When Formula Chemicals came to me at Weidenhammer in early 2019, their CEO had one ask above all others, “I need to be able to send shipments in containers.”
The purpose of this blog post is not to detail the technical work implemented but instead to go over how I approached writing a very complex feature for a client.
Initially, I thought like all shipping; I would just use an API and send it data to get a quote back. Sadly, this was not the case, as almost no shipper has a robust API with endpoints to quickly reach out to in this way. This information meant I started architecting out the implementation to be built in house.
At a very high level this system needed to accomplish the following:
- Track 20′ Containers or 40′ Containers
- Do not go over the Kilogram limit per container
- Do not go over the cubic meter volumetric numbers
- Allow the entry of rates per shipping lane
- Follow all laws for shipping containers of goods
There were so many more considerations, and in hindsight, this was one of the most complicated things I would build, I have no shame in admitting it went overestimate. No one I knew was an expert in international shipping or even working with containers.
The client had decided who they were going to use for shipping, but I wanted this extension to be method agnostic, the company could just upload rate sheets based on shipping lane. Using extension attributes and custom tables, we would track everything added to the cart and continuously calculate the rates as the order was placed.
So putting this as simply as possible, container shipping is done in two ways. Less than container load (LCL) and Full container load (FCL), one is calculated more or less in kilograms (FCL), and one is measured in cubic meters used (LCL). Containers come in two sizes, 20′ and 40′, but a 40′ container is not double in size of a 20′ container.
For this blog, a 20′ container will hold 25,000kg and has a volumetric size of 33 cubic meters. A 40′ container will hold 27,600kg and has a volumetric capacity of 66 cubic meters. Notice the volume increased by 100%, but the weight limit increased by only 10.4%. Those limits are required by container ships.
A brief aside, I did have one advantage when I was a younger man. I worked on a Schooner in Key West Florida, while there I got my 100-ton Captain’s license. Having done that, I learned many of the international laws around ships, as well as how the Panama Canal worked, so I knew why these limits existed, but I admit I did not see the limit off the top of my head.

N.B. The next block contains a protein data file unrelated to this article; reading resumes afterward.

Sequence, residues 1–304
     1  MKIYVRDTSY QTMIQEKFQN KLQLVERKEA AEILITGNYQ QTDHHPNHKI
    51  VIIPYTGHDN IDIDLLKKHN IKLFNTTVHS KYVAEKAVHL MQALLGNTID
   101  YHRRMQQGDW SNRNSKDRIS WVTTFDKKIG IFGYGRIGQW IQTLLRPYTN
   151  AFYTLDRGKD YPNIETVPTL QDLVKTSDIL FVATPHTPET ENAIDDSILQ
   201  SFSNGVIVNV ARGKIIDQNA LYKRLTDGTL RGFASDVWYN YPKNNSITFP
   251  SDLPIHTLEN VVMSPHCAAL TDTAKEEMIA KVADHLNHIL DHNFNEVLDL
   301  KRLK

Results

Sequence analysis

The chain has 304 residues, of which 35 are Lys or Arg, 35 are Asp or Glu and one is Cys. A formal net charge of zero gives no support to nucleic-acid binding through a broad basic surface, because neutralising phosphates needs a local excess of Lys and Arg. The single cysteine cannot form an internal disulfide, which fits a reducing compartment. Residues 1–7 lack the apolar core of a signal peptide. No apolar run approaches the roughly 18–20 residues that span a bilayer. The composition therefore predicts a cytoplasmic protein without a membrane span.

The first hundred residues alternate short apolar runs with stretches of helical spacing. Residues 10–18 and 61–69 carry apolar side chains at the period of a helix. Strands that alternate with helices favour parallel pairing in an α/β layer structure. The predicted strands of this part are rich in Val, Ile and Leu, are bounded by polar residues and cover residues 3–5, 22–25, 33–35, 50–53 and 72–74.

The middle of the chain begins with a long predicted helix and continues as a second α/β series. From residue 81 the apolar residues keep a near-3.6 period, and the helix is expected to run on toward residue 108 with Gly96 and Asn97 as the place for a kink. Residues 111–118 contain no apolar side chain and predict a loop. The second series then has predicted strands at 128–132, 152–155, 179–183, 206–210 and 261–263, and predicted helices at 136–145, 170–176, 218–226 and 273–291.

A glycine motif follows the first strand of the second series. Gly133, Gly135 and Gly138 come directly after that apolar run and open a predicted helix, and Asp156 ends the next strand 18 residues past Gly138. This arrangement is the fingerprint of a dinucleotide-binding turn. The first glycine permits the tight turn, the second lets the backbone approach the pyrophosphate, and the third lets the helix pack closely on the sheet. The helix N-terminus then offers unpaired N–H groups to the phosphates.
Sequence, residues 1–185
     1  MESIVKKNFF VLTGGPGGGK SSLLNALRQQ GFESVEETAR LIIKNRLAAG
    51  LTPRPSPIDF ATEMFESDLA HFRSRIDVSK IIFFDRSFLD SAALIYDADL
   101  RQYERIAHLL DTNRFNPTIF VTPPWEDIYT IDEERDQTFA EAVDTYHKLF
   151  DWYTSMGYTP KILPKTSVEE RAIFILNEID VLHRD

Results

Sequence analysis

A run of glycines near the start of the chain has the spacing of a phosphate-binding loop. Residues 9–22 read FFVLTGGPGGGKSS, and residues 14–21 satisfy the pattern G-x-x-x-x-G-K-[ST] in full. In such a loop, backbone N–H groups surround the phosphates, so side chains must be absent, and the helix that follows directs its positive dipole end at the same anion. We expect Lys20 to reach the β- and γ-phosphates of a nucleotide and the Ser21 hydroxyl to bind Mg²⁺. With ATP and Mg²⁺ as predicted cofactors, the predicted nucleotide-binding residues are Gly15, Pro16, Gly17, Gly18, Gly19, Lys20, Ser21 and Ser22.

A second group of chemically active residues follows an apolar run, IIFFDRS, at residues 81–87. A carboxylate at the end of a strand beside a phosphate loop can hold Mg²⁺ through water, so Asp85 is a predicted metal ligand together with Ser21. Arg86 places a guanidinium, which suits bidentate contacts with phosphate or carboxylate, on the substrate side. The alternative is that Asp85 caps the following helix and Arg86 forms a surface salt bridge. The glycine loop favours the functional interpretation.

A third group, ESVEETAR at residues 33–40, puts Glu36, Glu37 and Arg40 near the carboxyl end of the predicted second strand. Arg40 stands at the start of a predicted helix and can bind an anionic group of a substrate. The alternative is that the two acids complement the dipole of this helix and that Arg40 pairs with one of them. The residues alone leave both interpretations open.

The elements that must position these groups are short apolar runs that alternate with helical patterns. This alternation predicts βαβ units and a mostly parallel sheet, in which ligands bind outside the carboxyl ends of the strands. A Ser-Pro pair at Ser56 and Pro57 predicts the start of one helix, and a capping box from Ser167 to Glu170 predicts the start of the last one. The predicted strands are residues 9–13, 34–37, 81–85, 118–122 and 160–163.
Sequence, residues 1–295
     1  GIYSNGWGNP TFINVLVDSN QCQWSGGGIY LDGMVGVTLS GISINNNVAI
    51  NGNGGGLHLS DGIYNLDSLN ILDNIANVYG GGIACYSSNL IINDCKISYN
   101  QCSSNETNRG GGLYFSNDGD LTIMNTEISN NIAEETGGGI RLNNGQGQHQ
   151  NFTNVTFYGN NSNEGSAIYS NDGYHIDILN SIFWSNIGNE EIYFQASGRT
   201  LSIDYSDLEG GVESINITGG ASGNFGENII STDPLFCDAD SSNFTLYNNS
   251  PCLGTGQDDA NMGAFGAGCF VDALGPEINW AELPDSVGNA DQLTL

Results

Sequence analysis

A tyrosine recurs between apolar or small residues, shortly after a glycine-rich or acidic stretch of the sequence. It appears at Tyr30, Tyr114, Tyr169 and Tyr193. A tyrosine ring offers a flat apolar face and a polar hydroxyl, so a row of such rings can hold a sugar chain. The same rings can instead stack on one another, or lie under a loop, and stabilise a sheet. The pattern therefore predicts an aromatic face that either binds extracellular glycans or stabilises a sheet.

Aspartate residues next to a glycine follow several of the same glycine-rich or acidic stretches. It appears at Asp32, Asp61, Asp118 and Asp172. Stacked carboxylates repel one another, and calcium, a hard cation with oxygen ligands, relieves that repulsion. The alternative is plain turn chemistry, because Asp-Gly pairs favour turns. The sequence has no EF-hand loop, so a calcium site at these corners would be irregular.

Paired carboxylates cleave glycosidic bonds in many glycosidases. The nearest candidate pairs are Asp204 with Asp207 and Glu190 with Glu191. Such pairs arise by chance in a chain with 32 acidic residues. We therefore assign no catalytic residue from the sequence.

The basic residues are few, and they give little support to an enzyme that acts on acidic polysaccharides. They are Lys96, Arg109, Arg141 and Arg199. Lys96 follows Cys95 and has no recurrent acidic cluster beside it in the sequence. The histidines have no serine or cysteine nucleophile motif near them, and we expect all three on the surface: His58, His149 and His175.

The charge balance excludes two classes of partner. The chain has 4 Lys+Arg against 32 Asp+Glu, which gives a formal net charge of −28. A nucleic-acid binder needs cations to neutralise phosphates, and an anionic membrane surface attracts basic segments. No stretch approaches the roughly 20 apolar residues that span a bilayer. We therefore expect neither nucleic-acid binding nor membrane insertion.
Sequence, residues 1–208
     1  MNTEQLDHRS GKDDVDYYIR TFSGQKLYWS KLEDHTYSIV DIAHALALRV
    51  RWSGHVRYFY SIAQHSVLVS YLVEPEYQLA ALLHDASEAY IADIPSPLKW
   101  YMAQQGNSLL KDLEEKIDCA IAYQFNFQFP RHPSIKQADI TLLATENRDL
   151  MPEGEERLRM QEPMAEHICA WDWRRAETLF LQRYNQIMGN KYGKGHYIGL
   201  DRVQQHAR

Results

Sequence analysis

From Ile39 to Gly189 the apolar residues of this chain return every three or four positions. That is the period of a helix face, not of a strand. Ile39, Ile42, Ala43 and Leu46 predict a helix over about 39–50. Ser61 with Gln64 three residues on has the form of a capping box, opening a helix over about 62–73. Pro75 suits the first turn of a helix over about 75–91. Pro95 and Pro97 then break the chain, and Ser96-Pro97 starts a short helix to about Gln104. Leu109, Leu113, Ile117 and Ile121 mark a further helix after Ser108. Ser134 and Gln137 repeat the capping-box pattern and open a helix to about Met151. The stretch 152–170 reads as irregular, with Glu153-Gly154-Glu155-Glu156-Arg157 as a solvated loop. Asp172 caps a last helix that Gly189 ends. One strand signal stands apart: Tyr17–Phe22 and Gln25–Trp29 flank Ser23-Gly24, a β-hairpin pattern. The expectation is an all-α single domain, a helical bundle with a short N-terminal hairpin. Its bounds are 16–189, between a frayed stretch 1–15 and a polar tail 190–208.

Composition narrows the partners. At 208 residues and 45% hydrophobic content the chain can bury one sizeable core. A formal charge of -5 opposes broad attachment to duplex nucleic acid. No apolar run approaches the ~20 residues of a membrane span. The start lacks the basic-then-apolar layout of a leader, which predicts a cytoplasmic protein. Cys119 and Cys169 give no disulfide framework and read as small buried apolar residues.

So the basic system involved how many kilograms ordered; As well as calculating how the volume used. Using that data, we could calculate how many containers were required. That data allowed our system to work without caring how the dock would pack the box, though I did keep track of what was in what container. I did this because I knew the Bill of Lading usually needs to detail what exactly is in what container as Captains could be inspected anytime they cross into a countries waters. For example, the United States Coast Guard will stop many ships on the high seas in our seas and run a quick inspection of the vessel, and it’s cargo manifest.
Knowing all of the data ahead of time, the customer lands on a Magento checkout page, and shipping is calculated. I have mentioned “shipping lane” a few times so far. What a shipping lane is more or less is an origin port and destination port, where cargo shippers usually charge rates for specific shipping lanes. As a rule, this system did not take multiple origins or multiple destinations into consideration; instead, assuming all products will come from the same source and go to the same destination. How a company gets its goods from the port to their company was not a consideration.
So, for example, if a customer is shipping 52,900kg of goods using 144 cubic meters of space, from Shanghai to Paris, the shipper will have a rate applied to that lane, a standard for the LCL and a rate per container of each size. Our system will aggregate all of that data and return a quote for shipping allowing the customer to pay for in advance. The rate could change between before the goods ship, at which point the CSR from the company will need to update the customer.
All of this was working after it was written, that is until some tariffs were applied from certain countries. New customization was required to allow that to be added into the calculation as a separate line item while adding that I also added a feature to give the company a “Packing sheet,” which can be sent to the customer detailing what would be in what container. This packing sheet was elementary as all of the data was present, but it provided a client win.
As you can see, it is possible using Magento to architect your API and use it internally. The client has considered making the API a public endpoint as another revenue stream; I feel the work on this has just begun.